Saturday, October 6, 2001
Oak Creek For senior girls at Soroco High School finding a date can be a hard thing to do.
Despite their pretty smiles and bubbling personalities, nothing will change the fact that the senior class of 2002 is graced with only four boys.
This is actually a good year for the Class of 2002's male numbers with addition of Jesse Martin, who bolstered the count to four.
Since their sophomore year, Kyle Babcock, Casey Means and Willie Spicer have stood strong as a group of three among 18 girls.
Though students, teachers and administers admit they have grown used to the unusually small amount of boys, those numbers can make things difficult for events like homecoming dances and proms.
Nicci Bonfiglio said she has felt the pain of being one girl among many.
"It sucks," she said. "We have no guys to date. Your going to a dance and you can't dance."
But, the senior girls claim they have found ways around the 5 to 1 girl/boy ratio that has existed throughout much of their high school years. For dances, the girls have learned to ask boys in other classes or schools, go in groups or just dance with the other girls.
As for dating, most of the girls say their relationships with the four boys are more like a brother and sister friendship, not romance.
Although the boys never have trouble finding a date and receive more attention than the average Soroco student, it is not exactly easy for them either, Means said.
"We almost always stick together," Means said. "(The girls) can be pretty overpowering,"
The boys do not get away with much, explained Rhonda Crawford as she told of how the girls teased the boys that morning for showing up late to coach their powder puff football practice.
That sort of teasing can get pretty rough with 18 girls and four boys, the high school's science teacher Ed Hayne said.
Hayne has taught the Class of 2002 throughout their high school years and said Means, Babcock and Spicer have made it through by sticking together.
"Safety in numbers, I guess," Hayne said.
Unlike his other science classes, Hayne said the Class of 2002 never mixed boys and girls in their lab groups.
"The three boys always team up in lab. The three of them have been here for quite a bit of time. They're very tight in doing things at school together," he said.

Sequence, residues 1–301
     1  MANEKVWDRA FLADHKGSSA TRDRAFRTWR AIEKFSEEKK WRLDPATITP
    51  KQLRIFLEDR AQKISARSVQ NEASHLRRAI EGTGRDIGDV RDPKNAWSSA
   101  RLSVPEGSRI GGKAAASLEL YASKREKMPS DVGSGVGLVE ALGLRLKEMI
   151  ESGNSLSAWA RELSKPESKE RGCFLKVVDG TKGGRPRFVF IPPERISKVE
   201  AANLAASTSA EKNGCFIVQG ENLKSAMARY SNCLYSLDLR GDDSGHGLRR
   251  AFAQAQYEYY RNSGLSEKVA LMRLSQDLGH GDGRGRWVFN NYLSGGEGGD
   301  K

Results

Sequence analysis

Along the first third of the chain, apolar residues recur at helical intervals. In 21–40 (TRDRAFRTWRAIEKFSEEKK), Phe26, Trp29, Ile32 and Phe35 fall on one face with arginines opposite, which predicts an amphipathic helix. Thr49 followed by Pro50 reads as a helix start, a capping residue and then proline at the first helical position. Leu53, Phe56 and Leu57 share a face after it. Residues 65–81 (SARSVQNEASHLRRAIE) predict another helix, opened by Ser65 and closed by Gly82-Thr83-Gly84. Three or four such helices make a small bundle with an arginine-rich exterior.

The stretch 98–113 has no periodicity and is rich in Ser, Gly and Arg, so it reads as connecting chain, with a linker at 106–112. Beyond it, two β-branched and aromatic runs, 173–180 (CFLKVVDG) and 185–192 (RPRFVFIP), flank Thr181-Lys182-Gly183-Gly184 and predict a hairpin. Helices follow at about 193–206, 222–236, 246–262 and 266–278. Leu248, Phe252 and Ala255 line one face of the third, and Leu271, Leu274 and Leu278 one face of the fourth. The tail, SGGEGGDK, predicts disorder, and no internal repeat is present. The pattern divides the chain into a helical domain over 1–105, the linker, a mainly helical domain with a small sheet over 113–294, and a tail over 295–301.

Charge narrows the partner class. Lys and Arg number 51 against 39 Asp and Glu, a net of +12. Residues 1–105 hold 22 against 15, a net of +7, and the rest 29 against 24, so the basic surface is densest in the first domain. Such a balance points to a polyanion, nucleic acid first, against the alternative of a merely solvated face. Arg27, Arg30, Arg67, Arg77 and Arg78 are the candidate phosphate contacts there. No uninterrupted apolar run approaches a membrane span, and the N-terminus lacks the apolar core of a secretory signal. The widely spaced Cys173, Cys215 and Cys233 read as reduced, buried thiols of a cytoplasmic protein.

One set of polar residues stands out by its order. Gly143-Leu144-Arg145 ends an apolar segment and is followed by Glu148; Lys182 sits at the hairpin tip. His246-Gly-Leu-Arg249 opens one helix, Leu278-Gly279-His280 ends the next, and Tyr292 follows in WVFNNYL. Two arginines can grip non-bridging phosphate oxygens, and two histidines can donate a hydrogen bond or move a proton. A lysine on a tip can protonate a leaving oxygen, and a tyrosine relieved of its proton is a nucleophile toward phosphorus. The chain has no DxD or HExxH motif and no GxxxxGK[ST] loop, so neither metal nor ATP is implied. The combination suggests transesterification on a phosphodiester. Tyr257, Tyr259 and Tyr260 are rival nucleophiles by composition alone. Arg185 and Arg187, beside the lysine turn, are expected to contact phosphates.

Although in the last few years, girls have usually out numbered boys in Soroco high school, principal Richard Coleman said this year is more unbalanced then in the past.
"We have had more girls than boys pretty steady over the last few years. But it has never been that far out of balance," he said. "This is very unique."
Coleman said the small number of boys usually does not make a difference at the high school but it is noticeable when the school needs representatives from both boys and girls.
Last year's student council election had two of the boys running as head boy and the other boy as the campaign manager. For the senior homecoming court, which takes athletes from fall sports, all three football players were automatically on the court.
"We don't have to compete much," Means said, "And there's always competition with the girls."
But the ratio was not always this unbalanced. Senior girls recall their freshman year when there were eight more boys and junior high when the numbers were just about even.
"Between ninth and tenth grade, they all moved away. Three years it's been like this," Bonfiglio said.
Although Bonfiglio said the boys she has talked to from other schools are envious of the four boys' status in Soroco, Means said he wishes things could be a little more balanced.
"You get used to it after awhile but sometimes I wish there were more guys to hang out with," he said.
One the biggest disadvantages of having only four boys is on sports teams, Means said. Although four of the three boys are out for Soroco's football team, those numbers don't compare to the usual seven seniors who are expected to lead the team.
For Martin, who came from Austin, Texas, being a male minority is an adjustment. He said in his old school with more than 200 students per class, the boy/girl ration stood fairly even at 50/50.
"You get used to seeing mostly girls a lot of the time," he said about his new school.
Dana Perriman, who moved from a large class in St. Louis this year, was also surprised by the lack of male students.
"There were 400 people per class and a lot of guys," she said, adding that Soroco's four-boy phenomenon is "weird."
Like many of the other senior girls at Soroco high school, Perriman said she still doesn't know what to do about finding a date for those high school events like homecoming dances and proms.